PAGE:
In a recent American Academy of Ophthalmology online article, 3 Surprising Benefits of Cataract Surgery, one of those benefits suggests that cataract removal may help improve dementia.
The article states that “the link between vision loss and dementia has been the focus of recent studies” and that “a new report makes a compelling case that cataract removal reduces the risk of developing dementia.”
According to John A. Hovanesian, MD, a clinical instructor at the UCLA Jules Stein Eye Institute in Los Angeles, “Cataract surgery allows people to use their visual sense with greater awareness and more involvement in their surroundings. When you have better visual acuity, you stimulate parts of the brain that help keep it functioning at a normal level.”
The study followed more than 3,000 older adults diagnosed with glaucoma or cataracts for 24 years. “Those who had cataract surgery were nearly 30% less likely than others to develop dementia, even after accounting for level of education, race, health history and access to healthcare.”
The article also included two other interesting benefits: life gets more fun after cataract surgery and cataract treatment prevents injuries from falls. Dr. Hovanesian states that cataract surgery “can allow patients to do things they haven’t in years” and “sometimes it creates abilities that people didn’t have before”. In addition, the article notes that about 1 in 3 falls occur in older people who wear bifocal or multifocal glasses, and that people are less likely to need these types of spectacles after cataract surgery.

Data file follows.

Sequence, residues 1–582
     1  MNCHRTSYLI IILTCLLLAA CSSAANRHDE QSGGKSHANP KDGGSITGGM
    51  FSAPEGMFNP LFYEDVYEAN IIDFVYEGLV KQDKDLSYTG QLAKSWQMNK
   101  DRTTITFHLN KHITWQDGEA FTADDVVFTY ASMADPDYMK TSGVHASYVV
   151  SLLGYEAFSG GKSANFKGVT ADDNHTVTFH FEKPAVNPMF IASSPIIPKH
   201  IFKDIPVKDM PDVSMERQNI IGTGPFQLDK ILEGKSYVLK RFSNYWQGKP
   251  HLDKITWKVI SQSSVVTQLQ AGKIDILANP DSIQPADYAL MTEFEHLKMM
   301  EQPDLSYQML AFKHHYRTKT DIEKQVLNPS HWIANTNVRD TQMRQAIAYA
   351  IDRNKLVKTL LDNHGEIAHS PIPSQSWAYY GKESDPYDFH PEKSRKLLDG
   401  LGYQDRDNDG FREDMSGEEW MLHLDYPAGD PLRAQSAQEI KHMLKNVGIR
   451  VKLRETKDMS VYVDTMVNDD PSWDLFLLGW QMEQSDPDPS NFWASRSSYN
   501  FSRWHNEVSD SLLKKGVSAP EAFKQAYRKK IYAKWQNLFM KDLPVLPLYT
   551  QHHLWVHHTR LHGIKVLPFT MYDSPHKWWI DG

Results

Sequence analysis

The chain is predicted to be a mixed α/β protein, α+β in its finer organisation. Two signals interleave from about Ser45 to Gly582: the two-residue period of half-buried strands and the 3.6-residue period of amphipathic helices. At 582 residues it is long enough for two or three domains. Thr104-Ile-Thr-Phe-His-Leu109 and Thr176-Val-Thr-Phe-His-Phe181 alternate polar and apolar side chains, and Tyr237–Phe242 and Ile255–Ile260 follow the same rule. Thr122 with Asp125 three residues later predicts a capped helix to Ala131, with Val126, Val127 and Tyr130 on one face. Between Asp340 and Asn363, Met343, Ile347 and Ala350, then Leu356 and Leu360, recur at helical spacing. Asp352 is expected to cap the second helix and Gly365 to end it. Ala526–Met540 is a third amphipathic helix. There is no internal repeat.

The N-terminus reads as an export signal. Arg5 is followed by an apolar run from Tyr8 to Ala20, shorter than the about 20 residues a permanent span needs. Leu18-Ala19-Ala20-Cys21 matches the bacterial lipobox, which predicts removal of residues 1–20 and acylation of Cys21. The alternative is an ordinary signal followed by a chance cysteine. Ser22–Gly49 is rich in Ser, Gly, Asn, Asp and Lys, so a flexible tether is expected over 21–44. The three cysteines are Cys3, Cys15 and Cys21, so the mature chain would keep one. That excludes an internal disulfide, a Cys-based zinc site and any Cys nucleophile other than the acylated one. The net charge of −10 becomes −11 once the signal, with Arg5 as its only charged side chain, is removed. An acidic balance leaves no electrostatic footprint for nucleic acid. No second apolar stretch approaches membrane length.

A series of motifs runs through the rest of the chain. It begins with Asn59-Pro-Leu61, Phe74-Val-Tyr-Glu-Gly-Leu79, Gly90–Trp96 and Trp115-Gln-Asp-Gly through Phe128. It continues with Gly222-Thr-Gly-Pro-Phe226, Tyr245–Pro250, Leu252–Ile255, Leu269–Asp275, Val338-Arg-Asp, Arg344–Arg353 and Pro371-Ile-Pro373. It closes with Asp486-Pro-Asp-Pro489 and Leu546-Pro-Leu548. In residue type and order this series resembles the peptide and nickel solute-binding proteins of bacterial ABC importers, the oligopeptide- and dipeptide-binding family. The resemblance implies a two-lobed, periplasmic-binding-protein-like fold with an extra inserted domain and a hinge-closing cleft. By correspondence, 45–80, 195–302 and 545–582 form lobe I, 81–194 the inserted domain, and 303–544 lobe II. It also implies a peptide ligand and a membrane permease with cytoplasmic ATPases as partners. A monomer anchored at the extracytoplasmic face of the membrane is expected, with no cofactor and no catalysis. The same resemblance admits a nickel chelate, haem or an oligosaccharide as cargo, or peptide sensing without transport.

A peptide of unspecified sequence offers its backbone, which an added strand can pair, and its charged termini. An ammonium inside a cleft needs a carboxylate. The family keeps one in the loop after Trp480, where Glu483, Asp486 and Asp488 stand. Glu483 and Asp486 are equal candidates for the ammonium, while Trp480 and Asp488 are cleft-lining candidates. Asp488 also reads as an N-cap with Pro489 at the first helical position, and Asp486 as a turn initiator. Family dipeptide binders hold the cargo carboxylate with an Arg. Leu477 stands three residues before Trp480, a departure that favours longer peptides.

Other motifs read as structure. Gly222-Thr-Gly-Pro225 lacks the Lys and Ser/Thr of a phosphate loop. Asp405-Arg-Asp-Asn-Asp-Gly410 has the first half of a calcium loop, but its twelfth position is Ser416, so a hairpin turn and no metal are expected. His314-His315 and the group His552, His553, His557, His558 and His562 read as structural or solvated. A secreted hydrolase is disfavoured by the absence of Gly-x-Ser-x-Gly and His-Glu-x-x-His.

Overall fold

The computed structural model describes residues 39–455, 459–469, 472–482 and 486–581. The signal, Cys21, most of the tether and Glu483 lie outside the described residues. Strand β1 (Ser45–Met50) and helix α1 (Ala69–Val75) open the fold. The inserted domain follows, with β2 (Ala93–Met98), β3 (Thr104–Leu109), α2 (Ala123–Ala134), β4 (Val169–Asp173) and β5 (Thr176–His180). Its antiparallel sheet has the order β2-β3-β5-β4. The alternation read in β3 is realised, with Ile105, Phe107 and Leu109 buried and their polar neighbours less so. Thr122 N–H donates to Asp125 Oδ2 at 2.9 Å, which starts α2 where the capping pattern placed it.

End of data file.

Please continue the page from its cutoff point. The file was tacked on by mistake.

So, it appears there might be compelling evidence that simply seeing better after cataract surgery can lead to several benefits beyond just seeing better. This makes getting regular eye exams starting at age 40 even more important. Developing a cataract is a fact of life for most of us as we get older. Catching it early, and having a reputable cataract surgeon in your corner can make all the difference.
Association of Vision Impairment With Cognitive Decline Across Multiple Domains in Older Adults – American Medical Association JAMA Network website.
Bidirectional Association between Visual Impairment and Dementia Among Older Adults in the United States Over Time – American Academy of Ophthalmology.